My edition of this work (New York: Harper & Brothers, 1956) was part of the World Perspectives series, which "endeavors to show that the conception of wholeness, unity, organism is a higher and more concrete conception than that of matter and energy... For the principle of life consists in the tension which connects the spirit with the realm of matter" and that "Knowledge, as it is shown in these books, no longer consists in a manipulation of man and nature as opposite forces, nor in the reduction of data to mere statistical order, but is a means of liberating mankind from the destructive power of fear" (Intro by Ruth Nanda Anshen, x).
Fromm begins, “Is love an art? Then it requires knowledge and effort." He argues that love is not, as many people erroneously believe, "a pleasant sensation, which to experience is a matter of chance, something one 'falls into' if one is lucky." People misunderstand the nature of love because they are overly focused on being loved rather than loving. Therefore they focus on things which will make them more attractive, such as status, money, or appearance; in short, “What most people in our culture mean by being lovable is essentially a mixture between being popular and having sex appeal.” He blames this partly on contemporary commodity culture, in which people look at one another as objects to buy or win: "For the man the attractive girl--and for the woman the attractive man--are prizes they are after. 'Attractive' usually means a nice package of qualities which are popular and sought after."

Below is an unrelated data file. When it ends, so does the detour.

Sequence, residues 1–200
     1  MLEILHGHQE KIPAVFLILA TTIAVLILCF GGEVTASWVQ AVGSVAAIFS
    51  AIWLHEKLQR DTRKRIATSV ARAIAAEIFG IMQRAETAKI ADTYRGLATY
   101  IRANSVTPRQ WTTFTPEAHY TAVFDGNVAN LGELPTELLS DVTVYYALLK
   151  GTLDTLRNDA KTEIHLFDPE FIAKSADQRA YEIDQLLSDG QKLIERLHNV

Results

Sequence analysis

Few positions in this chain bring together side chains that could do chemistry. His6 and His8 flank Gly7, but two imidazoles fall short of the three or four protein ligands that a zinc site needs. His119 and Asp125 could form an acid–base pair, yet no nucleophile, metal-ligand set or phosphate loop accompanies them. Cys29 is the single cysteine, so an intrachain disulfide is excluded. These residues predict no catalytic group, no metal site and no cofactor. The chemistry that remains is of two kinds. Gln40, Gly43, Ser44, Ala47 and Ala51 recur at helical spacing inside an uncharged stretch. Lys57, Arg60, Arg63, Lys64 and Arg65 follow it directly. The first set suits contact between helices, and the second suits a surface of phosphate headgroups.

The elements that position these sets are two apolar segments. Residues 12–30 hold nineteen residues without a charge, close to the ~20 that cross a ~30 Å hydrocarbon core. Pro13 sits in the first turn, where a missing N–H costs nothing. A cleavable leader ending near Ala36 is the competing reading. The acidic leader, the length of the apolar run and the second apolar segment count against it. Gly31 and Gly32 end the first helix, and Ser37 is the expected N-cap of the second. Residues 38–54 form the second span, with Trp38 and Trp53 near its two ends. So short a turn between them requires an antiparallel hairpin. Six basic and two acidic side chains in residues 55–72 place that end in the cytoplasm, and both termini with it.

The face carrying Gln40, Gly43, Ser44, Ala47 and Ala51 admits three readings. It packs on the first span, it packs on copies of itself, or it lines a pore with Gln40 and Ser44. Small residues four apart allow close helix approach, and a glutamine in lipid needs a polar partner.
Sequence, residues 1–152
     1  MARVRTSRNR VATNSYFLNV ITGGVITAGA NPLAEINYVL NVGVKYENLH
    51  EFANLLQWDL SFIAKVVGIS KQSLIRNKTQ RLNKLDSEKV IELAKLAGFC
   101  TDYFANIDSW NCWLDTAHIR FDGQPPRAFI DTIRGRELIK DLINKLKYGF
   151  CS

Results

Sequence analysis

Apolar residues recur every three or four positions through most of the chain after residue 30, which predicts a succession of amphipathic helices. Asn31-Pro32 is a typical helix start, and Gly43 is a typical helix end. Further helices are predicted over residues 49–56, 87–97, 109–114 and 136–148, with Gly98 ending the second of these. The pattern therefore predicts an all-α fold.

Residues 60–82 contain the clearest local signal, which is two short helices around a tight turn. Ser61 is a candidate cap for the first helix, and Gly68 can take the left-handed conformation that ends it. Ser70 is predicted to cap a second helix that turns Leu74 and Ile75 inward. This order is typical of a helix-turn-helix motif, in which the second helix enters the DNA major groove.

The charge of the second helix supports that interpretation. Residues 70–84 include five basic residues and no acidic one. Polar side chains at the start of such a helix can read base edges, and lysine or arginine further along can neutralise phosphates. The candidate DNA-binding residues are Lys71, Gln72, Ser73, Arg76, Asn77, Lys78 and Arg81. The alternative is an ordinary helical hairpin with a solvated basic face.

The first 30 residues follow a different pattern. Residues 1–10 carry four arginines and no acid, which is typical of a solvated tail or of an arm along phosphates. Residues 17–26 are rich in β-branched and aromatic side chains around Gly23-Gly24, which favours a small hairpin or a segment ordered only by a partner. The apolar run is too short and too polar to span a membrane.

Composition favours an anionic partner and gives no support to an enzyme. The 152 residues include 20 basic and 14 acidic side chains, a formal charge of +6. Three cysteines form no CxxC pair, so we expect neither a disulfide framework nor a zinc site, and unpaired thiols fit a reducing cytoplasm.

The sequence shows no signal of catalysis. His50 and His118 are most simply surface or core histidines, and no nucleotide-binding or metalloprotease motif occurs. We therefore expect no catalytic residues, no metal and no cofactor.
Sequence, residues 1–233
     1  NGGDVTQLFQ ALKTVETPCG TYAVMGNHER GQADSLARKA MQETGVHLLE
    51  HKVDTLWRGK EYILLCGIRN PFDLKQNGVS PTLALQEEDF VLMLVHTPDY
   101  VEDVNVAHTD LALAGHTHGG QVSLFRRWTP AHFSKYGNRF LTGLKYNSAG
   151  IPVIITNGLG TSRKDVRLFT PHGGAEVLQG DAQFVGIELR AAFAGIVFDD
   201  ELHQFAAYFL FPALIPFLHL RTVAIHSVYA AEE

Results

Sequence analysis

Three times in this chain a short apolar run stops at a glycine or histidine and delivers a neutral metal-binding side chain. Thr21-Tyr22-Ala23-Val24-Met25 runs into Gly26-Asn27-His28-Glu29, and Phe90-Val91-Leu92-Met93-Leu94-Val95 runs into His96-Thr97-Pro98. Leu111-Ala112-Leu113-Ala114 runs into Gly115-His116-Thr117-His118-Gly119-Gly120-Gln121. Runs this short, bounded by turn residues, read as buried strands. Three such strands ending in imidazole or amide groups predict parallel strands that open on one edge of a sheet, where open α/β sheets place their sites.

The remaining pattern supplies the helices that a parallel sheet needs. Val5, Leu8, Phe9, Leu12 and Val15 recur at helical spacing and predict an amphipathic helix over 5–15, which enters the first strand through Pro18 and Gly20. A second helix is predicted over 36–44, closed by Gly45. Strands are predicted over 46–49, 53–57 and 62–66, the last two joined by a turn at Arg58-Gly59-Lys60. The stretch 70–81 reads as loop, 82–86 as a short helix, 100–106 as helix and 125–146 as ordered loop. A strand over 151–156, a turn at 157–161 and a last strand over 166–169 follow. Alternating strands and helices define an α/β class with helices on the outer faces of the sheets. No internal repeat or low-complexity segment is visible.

"Love is an activity, not a passive affect." (22)
Fromm on the story of Adam and Eve: "Should we assume that a myth as old and elementary as this has the prudish morals of the nineteenth-century outlook, and that the important point that the story wants to convey to us the embarrassment that their genitals were visible? This can hardly be so, and by understanding the story in a Victorian spirit, we miss the main point... after man and woman have become aware of themselves and of each other, they are aware of their separateness, and of their difference... But while recognizing their separateness they remain strangers, because they have not yet learned to love each other (as is also made very clear by the fact that Adam defends himself by blaming Eve).